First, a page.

On Friday, Carnival Corp & PLC revealed that its EAA brands (Europe, Australia and Asia) saw its revenue share grow to 39.6% in the company’s third quarter ended August 31, 2011, up from 37.8% last year. The North American brands generated 55.7 percent of the revenues, compared to 57.3 percent for the same period last year, with the balance of revenues coming from “cruise support, tours and other.”
But the pressures on Carnival Corp’s Europe operations were revealed in the net income report. On the profit side, the North American brands were up year-over-year, accounting for 55.5% of Carnival’s net income in the third quarter, up from 54.4% last year. EAA brands dropped from 42.2% of net income in 2010 to 41.6% in 2011.
In North America, about 79% of the third quarter total came from ticket revenues, mainly driven by higher fares. The remaining 21% came from onboard and other cruise revenues.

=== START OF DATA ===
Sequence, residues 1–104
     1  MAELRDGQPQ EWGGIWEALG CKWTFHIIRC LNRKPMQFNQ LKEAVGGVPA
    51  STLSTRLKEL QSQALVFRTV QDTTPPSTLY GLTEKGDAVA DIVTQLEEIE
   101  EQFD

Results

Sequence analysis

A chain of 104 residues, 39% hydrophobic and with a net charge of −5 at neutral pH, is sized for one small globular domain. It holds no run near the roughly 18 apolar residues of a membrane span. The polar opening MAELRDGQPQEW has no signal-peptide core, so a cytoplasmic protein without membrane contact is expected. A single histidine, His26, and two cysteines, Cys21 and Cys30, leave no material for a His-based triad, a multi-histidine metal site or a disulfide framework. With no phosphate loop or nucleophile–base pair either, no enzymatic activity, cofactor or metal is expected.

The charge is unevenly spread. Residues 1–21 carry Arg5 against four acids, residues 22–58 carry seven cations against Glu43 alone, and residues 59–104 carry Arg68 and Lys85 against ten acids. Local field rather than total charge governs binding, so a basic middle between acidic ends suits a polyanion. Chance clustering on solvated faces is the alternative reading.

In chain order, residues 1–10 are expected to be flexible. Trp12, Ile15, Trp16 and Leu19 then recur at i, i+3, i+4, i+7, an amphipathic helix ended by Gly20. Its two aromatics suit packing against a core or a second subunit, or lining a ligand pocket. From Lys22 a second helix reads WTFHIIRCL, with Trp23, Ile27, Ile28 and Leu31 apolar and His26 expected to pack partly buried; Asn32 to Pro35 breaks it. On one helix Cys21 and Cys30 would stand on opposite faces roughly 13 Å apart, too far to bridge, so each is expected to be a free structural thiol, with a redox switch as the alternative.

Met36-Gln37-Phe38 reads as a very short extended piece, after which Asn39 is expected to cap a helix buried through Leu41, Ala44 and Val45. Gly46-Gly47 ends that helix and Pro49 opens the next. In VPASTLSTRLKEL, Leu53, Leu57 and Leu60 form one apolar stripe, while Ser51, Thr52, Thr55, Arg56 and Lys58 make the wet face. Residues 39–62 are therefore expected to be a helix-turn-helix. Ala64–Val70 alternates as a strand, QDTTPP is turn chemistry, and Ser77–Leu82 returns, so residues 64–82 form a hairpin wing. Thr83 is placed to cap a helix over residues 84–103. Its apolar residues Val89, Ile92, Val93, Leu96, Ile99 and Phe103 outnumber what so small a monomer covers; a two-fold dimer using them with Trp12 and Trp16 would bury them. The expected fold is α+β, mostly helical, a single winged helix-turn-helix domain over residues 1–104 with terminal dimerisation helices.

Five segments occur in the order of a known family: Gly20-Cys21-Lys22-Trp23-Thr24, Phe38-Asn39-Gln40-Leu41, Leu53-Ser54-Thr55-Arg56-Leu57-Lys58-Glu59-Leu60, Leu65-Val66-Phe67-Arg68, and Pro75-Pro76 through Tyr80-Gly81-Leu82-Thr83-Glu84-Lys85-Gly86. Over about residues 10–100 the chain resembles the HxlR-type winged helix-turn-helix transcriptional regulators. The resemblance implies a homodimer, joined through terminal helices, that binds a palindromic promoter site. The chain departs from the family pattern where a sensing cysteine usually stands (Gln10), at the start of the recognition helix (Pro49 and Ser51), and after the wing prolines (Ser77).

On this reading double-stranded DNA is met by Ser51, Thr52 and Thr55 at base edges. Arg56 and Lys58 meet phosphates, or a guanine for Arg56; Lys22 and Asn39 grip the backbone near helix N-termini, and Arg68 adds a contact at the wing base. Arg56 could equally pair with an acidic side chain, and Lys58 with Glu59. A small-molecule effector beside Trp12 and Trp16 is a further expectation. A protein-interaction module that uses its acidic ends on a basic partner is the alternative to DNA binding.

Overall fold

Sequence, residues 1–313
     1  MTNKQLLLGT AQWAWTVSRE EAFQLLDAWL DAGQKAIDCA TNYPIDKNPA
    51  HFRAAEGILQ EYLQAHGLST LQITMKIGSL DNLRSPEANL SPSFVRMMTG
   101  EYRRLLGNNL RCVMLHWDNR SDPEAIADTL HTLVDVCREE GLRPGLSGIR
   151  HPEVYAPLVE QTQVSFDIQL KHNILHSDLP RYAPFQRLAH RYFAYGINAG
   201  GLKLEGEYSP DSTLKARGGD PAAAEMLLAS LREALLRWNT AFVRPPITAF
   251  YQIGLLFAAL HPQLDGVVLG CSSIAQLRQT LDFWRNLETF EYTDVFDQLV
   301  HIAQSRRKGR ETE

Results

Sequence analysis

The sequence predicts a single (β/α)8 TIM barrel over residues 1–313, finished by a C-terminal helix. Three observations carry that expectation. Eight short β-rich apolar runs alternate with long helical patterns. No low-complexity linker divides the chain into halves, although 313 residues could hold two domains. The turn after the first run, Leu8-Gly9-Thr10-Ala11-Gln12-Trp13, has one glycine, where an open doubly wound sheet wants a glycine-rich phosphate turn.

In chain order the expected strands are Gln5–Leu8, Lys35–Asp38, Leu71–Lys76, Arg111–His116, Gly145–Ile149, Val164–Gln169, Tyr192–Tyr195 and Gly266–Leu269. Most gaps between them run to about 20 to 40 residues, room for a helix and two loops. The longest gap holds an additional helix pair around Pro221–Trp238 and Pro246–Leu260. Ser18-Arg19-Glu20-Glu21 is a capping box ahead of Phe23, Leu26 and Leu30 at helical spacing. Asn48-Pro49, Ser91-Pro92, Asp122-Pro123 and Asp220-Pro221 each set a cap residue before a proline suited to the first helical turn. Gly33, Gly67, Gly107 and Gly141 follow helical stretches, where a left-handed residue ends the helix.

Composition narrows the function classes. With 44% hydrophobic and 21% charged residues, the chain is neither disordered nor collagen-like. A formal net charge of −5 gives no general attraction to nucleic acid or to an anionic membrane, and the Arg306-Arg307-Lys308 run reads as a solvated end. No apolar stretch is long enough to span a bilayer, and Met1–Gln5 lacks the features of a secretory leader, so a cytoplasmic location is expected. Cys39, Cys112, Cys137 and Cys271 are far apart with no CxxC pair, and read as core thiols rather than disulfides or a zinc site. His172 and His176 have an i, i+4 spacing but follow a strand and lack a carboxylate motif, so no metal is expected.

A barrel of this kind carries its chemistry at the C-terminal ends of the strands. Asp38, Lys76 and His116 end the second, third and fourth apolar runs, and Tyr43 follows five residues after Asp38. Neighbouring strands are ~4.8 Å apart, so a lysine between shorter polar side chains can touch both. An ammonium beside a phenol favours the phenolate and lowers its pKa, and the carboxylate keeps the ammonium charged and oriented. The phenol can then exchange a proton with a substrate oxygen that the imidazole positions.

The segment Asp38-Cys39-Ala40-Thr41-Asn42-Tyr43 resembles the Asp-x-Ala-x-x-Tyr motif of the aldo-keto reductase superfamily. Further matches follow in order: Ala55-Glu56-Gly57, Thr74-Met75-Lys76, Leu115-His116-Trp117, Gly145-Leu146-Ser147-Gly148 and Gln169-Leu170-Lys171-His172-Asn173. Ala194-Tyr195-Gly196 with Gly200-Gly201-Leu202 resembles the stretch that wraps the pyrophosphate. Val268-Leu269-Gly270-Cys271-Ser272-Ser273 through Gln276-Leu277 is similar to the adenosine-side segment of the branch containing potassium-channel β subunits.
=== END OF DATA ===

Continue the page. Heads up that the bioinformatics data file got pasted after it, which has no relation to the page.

On the other hand, EAA brands generate 84% of their revenue from fares and 16% from onboard and other cruise revenues, which also down due to lower shore excursion revenues. In comparison, therefore, North Americans pay 26.5% more after purchasing their tickets while Europeans paid about 19% above ticket price.
Overall, ticket revenue per passenger was $159.12 per day in the third quarter, and net onboard spending per passenger $39.47 per day, compared to $149.19 and $37.35 during the same period last year. This means that payments above ticket price were 24.8% this year compared to 25% last year, a slight reduction where one might have expected an increase.
Kevin Griffin of The Cruise People Ltd in London, England writing in cybercruises.com